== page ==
UKRAINE ACTIVIST SAYS HE WAS KIDNAPPED IN LATEST ATTACK ON PROTESTERS

Fox News on January 31, 2014, published an AP report on police opening an investigation into the kidnapping of an opposition activist, who said he was held captive for more than a week and tortured in the latest in a string of mysterious attacks on anti-government protesters in the two-month-long political crisis. Excerpts below:

Dmytro Bulatov, 35, a member of Automaidan, a group of car owners that has taken part in the protests against President Viktor Yanukovych, went missing Jan. 22.

Bulatov was discovered outside Kiev on January 30. He said his kidnappers beat him severely, drove nails into his hands, sliced off a piece of ear and cut his face. He said he was kept in the dark all the time and could not identify the kidnappers. After more than a week of beatings, they eventually dumped him in a forest.

“They crucified me, they nailed down my hands. They cut off my ear, they cut my face. There isn’t a spot on my body that hasn’t been beaten,” Bulatov said on Channel 5 television. “Thank God, I am alive.”

Bulatov’s face and clothes were covered in clotted blood, his hands were swollen and bore the marks of nails.
Opposition leader Petro Poroshenko rushed to the hospital where Bulatov was taken.

Police said the car he was driving when he disappeared had been found.

Automaidan members had come under tremendous pressure during the protests, with their cars burnt and activists detained, harassed and threatened.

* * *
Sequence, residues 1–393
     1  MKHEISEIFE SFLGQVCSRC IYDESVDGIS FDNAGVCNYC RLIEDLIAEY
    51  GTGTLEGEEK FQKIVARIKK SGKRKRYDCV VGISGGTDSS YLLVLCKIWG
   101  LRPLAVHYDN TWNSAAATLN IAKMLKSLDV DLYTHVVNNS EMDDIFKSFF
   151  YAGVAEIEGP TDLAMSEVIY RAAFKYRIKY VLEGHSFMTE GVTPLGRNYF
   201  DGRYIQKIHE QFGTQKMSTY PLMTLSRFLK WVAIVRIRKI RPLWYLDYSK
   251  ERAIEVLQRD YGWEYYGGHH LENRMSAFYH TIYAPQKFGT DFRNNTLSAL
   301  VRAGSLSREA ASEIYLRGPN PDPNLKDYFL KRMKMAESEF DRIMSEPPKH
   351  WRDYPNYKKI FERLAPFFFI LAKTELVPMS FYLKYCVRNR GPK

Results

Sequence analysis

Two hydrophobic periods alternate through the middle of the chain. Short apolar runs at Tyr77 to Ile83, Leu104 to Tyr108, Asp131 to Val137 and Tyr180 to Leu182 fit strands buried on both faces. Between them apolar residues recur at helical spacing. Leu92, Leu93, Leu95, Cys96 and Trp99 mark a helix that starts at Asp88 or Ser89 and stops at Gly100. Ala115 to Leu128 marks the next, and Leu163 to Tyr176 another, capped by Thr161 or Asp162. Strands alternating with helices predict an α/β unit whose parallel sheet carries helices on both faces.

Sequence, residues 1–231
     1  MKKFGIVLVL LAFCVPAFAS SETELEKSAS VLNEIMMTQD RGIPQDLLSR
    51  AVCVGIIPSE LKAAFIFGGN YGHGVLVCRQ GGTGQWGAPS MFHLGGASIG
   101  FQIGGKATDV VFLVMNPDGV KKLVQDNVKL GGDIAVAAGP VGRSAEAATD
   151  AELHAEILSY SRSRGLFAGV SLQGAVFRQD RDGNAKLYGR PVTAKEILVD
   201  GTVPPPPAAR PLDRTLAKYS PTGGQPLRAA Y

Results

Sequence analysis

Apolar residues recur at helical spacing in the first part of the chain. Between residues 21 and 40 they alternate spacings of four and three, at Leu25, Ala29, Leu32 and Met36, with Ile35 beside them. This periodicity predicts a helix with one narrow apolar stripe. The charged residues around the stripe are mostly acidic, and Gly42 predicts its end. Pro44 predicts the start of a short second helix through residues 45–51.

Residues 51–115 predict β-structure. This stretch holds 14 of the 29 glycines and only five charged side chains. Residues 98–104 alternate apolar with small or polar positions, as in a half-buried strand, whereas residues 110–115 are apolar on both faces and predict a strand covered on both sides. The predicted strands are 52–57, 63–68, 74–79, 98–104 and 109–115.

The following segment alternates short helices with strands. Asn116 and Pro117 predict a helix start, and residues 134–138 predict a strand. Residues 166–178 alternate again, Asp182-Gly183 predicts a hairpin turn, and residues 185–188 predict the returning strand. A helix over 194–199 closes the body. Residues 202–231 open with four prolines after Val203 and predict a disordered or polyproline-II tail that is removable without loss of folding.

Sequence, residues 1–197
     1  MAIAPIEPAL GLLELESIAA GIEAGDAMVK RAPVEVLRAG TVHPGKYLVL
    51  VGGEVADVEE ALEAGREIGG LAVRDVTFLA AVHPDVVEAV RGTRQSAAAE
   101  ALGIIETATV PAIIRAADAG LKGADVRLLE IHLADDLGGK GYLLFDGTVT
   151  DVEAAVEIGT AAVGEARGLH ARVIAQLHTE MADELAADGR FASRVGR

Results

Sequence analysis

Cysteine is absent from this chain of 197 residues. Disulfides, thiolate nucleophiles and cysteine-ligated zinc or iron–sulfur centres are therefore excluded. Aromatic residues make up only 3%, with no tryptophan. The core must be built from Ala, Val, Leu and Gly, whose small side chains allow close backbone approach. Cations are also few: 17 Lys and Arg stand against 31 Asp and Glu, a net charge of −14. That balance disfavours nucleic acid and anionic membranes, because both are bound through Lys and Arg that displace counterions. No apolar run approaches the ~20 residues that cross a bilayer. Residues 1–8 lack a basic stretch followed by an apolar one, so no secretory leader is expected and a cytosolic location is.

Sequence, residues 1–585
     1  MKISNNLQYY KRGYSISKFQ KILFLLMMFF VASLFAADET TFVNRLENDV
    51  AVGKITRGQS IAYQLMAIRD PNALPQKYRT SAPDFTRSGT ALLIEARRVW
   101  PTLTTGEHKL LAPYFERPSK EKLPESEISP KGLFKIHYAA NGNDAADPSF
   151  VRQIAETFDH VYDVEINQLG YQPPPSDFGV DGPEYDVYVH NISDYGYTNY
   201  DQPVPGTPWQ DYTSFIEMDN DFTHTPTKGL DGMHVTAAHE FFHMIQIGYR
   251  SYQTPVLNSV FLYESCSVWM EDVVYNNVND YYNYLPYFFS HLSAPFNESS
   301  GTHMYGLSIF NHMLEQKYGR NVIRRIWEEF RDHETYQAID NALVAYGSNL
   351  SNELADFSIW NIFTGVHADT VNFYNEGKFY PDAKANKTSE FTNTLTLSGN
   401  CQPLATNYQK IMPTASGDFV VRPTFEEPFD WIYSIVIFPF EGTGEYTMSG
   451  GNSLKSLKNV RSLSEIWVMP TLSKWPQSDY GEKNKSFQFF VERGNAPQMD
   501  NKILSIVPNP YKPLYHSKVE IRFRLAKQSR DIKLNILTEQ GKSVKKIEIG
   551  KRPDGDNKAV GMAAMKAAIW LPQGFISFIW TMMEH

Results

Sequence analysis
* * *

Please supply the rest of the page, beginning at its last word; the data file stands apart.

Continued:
Bulatov is among three activists whose disappearances have shocked the country, especially after one of them was found dead.


European Union foreign policy chief Catherine Ashton issued a statement saying she was “appalled by the obvious signs of prolonged torture and cruel treatment” of Bulatov. She also condemned the death of Verbitsky.

“These are but two cases of the continuous deliberate targeting of organizers and participants of peaceful protests,” Ashton said. “All such acts are unacceptable and must immediately be stopped. It is the authorities’ responsibility to take all necessary measures to address the current atmosphere of intimidation and impunity which allows for such acts to take place.

All unlawfully detained people have to be released and perpetrators brought to justice.”

Negotiations between the authorities and the opposition on finding a way out of the crisis appeared to have stalled on January 30, after Yanukovych took an unexpected sick leave and told opposition leaders that it was now up to them to make concessions.

Yanukovych’s allies in parliament also passed a bill offering to grant amnesty to protesters, but only after they vacate scores of government buildings they have seized across the country. Yanukovych signed the bill into law on January 31, but the opposition has rejected the offer, saying it amounts to Yanukovych taking demonstrators as hostages. It has insisted that protesters must be freed without any conditions.

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